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With gluten free, all-purpose flour, modifying your favorite (allergy-filled) recipes to gluten-free versions is a simple 1:1 ratio. But when you’re dealing with the rest of the top allergens, baking can get a little bit overwhelming.
The good news is, it’s a lot easier than you think! With just a bit of know-how, and a couple pantry essentials, you’ll master homemade happiness the next time you fire up the oven.
Here’s what you need to get started:
There are plenty of nondairy milks to choose from, and what you use might depend on what you need to avoid. Fattier milks tend to work better for baking, so if you’re top-8 free, seed-based milks (like flax or hemp) do better than rice milk, which has a watery texture. Rice milk also tends to be naturally sweet, which can alter the flavor of the recipe and can increase browning. Whichever you choose, be sure to use unsweetened varieties, which is the most on-par to dairy-filled milks.
Buttermilk is also frequently called for in baked goods, and for good reason: it adds both a complementary taste and tenderness. In the case of gluten-free goodies—especially breads and cakes—this tenderness is essential, increasing the shelf life and creating a texture more akin “to the real thing”. If a recipe calls for 1 cup milk (or buttermilk), measure 1 tablespoon cider vinegar into a liquid measuring cup, then add enough nondairy milk to make 1 cup total.
When it comes to butter, well, sometimes only a buttery taste will do. That’s when a good quality nondairy buttery spread swaps perfectly in the same amount. If you prefer to use oil, the relation changes: for every 1 cup butter, use 3/4 cup liquid oil, such as olive or grapeseed.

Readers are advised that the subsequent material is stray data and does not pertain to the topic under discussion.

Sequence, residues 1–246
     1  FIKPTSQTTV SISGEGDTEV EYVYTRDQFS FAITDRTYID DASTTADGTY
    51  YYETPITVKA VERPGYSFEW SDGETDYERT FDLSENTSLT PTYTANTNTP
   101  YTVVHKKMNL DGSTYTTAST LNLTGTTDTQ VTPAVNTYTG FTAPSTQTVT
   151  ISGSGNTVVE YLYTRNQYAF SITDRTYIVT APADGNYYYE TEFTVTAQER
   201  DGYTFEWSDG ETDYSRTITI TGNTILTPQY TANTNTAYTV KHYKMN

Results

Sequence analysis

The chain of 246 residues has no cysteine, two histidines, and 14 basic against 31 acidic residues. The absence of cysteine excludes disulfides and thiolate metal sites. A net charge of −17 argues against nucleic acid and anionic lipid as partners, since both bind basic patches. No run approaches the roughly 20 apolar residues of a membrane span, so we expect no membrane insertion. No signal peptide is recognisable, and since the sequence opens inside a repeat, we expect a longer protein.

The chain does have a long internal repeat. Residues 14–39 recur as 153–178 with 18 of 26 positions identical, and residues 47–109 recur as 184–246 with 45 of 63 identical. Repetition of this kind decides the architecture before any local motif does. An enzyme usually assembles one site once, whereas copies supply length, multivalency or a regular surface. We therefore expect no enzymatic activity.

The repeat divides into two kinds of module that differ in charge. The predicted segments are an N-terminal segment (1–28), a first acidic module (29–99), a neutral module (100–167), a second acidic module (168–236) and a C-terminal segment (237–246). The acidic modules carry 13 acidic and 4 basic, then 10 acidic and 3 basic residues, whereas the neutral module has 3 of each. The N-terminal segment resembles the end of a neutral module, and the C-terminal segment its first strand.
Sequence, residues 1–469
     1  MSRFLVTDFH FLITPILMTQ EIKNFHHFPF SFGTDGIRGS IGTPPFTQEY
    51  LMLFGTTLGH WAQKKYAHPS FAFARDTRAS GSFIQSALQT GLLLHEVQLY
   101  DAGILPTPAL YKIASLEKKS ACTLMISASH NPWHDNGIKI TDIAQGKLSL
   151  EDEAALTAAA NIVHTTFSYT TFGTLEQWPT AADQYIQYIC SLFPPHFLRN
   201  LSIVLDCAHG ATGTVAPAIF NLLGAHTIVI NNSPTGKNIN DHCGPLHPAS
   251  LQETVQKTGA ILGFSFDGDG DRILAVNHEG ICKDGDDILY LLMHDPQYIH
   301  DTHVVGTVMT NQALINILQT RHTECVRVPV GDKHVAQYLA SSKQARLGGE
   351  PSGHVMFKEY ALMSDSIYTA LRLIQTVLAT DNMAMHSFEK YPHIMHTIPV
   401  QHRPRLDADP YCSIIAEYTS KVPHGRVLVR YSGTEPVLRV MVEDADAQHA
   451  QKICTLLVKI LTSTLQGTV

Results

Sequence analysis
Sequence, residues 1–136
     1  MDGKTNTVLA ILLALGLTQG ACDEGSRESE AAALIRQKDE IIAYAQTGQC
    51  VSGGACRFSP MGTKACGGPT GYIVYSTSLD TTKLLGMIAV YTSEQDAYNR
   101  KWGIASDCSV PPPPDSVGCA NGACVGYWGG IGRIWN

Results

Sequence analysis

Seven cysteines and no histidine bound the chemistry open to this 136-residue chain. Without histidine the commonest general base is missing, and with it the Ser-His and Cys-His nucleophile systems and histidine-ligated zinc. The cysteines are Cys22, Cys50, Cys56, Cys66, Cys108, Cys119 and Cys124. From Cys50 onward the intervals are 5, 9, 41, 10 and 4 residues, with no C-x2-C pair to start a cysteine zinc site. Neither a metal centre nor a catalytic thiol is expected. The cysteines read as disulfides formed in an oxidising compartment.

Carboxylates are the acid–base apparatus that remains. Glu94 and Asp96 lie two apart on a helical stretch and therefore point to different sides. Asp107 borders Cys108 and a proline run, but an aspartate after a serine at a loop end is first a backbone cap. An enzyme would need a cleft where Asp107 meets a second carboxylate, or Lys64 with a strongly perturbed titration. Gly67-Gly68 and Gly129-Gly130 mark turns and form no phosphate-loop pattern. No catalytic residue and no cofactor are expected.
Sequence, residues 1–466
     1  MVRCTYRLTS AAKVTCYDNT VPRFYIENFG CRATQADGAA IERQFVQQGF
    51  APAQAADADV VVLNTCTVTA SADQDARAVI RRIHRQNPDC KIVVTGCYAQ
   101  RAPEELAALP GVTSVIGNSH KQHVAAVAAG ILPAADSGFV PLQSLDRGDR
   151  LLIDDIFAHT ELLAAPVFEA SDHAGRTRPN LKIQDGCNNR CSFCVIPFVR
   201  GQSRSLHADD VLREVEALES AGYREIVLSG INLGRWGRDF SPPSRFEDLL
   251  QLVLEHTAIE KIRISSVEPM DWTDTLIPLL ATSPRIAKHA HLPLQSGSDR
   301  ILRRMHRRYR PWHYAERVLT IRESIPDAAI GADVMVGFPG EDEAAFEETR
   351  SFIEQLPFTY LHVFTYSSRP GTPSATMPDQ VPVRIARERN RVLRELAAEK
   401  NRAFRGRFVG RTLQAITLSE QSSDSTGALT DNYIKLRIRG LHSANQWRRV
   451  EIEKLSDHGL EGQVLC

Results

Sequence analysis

Eggs are the workhorse in baking, coveting many roles including structure, lift, tenderness, and emulsification. It’s important to know their task for the treat before you start substituting, and once you do, keep these swaps in your knowledge base:
- To add moisture and bind, use 3 tablespoons warm liquid plus 1 tablespoon ground flaxseeds OR 1/4 cup mashed banana
- To add moisture, use 1/4 cup mashed fruit, such as applesauce (This Chocolate Chip Cookie Biscotti recipe uses the equivalent of 1 egg and 1 egg white)
- To provide lift, use 3 tablespoons fatty nondairy milk, 1/4 teaspoon baking powder
- To help bind, use 1 1/2 tablespoons starch, 1/4 teaspoon baking powder, 3 tablespoons fatty nondairy milk OR 3 tablespoons aquafaba
Luckily, soy is pretty easy to avoid in allergy-friendly baking. Soy milk can be substituted with other nondairy milks, and most nondairy buttery spreads have soy-free versions.
Tree Nuts, Peanuts, Sesame
If a recipe calls for tree nuts, peanuts, or sesame seeds, they’re most often used as add-ins to add texture or crunch. In these cases, use pumpkin or sunflower seeds instead, or you can omit them completely.
If nut butters, peanut butter, or tahini is called for, jarred pumpkin or sunflower seed butters will do the trick. If you don’t have it on hand, you can easily make your own. Just put the seeds in a food processor fitted with a metal S blade, and process until completely smooth, scraping down the sides as needed. Be patient – it might take up to 15 minutes.
The world of allergy-friendly baking doesn’t have to be intimidating, but it takes a little practice, too. Don’t forget—you can always ask us your burning questions in the comments below – to prevent any burning of baked goods!
About Laurie Sadowski
Laurie Sadowski is the author of three cookbooks devoted to gluten-free, vegan, and allergy-friendly baking. Using baking chemistry as a basis, everything is developed—and guaranteed—to taste ‘just like the real thing’. For more, visit lauriesadowski.com.